Architectures of instruction: Selecting effective teaching methods
Designers of instruction are akin to learning architects. They aim to construct instructional experiences that engender durable, useful, and meaningful understanding in learners. Using the various teaching methods at their disposal, they facilitate each student’s personal efforts to build his or her unique house of knowledge. A successful learning architect knows, as the cognitive psychologist Richard Mayer writes, “which instructional methods work for teaching which kinds of knowledge to which kinds of learners under which kinds of circumstances” (54).
So how do you decide the ideal teaching methods for a particular learning situation?
While there is no single or definitive answer, Clark and Mayer suggest that online teaching typically involves one of three distinct instructional architectures: receptive, directive, or guided discovery, each reflecting a different metaphor for learning (20-22). While necessarily simplified, these approaches provide a useful framework for exploring the strengths and weakness of these popular instructional methods. Although students can learn successfully from all three approaches, it’s knowing when and how to use each method effectively that will make you a skilled learning architect.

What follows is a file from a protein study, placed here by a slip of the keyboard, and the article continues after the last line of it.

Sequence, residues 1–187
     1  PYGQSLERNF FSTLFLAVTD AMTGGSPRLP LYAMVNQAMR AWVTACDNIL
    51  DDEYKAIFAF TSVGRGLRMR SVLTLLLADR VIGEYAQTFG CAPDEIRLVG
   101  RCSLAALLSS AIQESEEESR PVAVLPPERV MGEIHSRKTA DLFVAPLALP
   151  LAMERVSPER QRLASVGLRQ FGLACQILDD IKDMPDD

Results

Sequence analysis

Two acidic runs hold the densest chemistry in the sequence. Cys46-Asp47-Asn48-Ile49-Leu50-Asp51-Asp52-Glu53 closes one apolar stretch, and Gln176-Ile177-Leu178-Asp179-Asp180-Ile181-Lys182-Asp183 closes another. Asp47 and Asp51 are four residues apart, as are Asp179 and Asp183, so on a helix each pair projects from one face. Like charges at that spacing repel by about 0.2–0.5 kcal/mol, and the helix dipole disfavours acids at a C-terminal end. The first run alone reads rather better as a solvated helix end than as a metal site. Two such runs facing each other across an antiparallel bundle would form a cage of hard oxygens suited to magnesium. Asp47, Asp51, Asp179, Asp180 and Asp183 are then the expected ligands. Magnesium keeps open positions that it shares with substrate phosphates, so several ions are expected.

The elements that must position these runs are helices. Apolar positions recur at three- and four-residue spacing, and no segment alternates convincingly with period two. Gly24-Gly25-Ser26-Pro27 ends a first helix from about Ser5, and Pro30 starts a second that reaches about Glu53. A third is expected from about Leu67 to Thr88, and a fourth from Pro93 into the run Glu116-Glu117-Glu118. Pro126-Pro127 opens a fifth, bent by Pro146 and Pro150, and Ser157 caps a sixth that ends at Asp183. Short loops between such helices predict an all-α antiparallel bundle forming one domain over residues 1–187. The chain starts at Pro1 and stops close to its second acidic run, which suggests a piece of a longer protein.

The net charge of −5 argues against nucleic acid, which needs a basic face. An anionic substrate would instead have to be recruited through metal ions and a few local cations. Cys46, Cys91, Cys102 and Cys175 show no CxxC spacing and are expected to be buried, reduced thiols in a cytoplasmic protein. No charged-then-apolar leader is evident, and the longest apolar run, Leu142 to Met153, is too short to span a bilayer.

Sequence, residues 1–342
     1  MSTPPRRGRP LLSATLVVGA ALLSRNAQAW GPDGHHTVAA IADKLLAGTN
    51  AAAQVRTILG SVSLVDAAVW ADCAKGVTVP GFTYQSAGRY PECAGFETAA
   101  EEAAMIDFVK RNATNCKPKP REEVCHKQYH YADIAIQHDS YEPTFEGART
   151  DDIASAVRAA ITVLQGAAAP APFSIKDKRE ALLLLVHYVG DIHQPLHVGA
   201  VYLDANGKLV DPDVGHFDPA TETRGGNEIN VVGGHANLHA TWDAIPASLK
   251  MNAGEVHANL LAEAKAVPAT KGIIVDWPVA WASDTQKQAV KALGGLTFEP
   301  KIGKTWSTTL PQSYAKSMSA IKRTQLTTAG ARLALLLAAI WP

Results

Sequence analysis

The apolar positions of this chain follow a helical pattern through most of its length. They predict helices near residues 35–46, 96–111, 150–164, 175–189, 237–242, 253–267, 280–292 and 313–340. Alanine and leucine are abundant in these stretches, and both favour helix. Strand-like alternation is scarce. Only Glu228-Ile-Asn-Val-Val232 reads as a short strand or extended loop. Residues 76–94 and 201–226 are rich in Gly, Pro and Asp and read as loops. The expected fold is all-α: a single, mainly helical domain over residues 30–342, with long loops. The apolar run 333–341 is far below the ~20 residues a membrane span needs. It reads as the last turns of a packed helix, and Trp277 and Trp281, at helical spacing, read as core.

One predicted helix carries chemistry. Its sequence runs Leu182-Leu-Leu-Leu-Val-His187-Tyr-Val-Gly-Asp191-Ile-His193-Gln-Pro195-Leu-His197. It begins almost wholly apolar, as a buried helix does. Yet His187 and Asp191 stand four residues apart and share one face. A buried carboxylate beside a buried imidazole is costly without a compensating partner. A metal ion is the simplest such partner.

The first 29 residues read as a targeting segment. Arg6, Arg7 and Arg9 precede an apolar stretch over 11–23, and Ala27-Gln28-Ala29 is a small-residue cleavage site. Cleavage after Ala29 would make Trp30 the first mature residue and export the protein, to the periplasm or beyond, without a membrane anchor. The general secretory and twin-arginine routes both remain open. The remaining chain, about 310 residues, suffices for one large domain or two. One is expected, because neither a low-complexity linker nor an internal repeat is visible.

According to the information acquisition metaphor of learning, the purpose of instruction is to disseminate information to learners who then store received ideas in memory. The instructional architecture associated with this metaphor is referred to as receptive because it views learners primarily as recipients of information. Common instructional delivery methods associated with this architecture include lecturing, textbook reading, and instructor modeling. In each case a learner is exposed to ideas with minimal interactivity.
Learning benefits and challenges